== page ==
Chattoraj, I (2007) Fundamentals of corrosion and its prevention. In: UNSPECIFIED.
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Most metals other than the noble metals, do not exist in their native states but exist as compounds of the metals (oxides, sulphides, etc.) indicating that such states are energetically more favourable. It is no wonder therefore that most metals tend to revert back to their more stable compound state through corrosion. Corrosion is thus inevitable for metals and alloys. Corrosion is the most predominant cause of metal failures today, surpassing other failure modes like fatigue, creep, impact, and others. The cost of corrosion is not only the cost of replacement but additional costs as well such as: ➢ Loss of production due to shutdown or failure > High maintenance costs ➢ Compliance with environmental and consumer regulations ➢ Loss of product quality due to contamination from corrosion of the materials ➢ High fuel and energy costs as a result of leakage from corroded pipes > Extra working capital and larger stocks Corrosion is differentiated from chemical attack in that it normally involves two or more electrochemical reactions. Thus while an insulating material can react with a strong chemical, such a degradation would not be considered corrosion as there are no electrochemical reaction involved. Any degradation suffered by a chemical or component resulting from electrochemical reactions involving species of the constituent material is corrosion. Corrosion may involve substantial material loss, but that is not universally true. Corrosion when manifested as pitting can cause very small total loss of material while destroying the component integrity. Similarly, hydrogen embrittlement can occur with no material loss, when hydrogen produced in an electrochemical fashion, enters the material leading to its loss of material properties. The study of corrosion therefore is also a study of material-environment interaction through a set of electrochemical reactions. It naturally requires detailed understanding of the metallurgy of the material including time dependent changes in the metallurgy, stresses present in the component, operational parameters, environment chemistry and reaction thermodynamics and kinetics. A point of view proposed by Professor Staehle, a well known corrosion expert, is that all engineering materials are reactive chemically and that the strength of materials depends totally upon the extent to which environments influence the reactivity and subsequent degradation of these materials. In order to define the strength of an engineering material for a corrosion based design it is essential to define the nature of the environments affecting the material over time. The corrosion event is a culmination of the conjoint action of various factors.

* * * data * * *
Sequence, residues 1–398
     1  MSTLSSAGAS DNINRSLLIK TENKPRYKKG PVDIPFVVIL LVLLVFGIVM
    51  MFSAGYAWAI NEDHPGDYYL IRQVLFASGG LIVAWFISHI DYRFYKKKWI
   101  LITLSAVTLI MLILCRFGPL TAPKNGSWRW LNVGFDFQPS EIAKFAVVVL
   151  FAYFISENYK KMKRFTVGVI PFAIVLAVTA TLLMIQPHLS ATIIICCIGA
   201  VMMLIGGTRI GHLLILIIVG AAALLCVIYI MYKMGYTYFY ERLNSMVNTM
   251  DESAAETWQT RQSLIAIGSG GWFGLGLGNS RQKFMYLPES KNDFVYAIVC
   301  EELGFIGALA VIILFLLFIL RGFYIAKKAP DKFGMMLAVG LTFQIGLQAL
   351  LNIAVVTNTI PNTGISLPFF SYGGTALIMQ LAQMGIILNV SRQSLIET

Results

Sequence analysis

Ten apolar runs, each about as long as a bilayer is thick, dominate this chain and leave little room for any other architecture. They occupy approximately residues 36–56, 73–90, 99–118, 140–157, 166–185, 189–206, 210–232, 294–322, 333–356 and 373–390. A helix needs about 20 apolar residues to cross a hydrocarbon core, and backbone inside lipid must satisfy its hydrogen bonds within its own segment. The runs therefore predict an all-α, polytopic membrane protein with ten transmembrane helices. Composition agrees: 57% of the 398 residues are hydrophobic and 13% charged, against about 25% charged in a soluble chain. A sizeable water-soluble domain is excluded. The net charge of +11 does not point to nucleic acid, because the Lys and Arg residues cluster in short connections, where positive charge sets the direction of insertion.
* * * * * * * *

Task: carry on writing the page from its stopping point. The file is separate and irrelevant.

|Item Type:||Conference or Workshop Item (UNSPECIFIED)|
|Divisions:||Corrosion and Surface Engineering|
|Deposited By:||INVALID USER|
|Deposited On:||30 Sep 2010 09:49|
|Last Modified:||13 Jan 2012 11:25|
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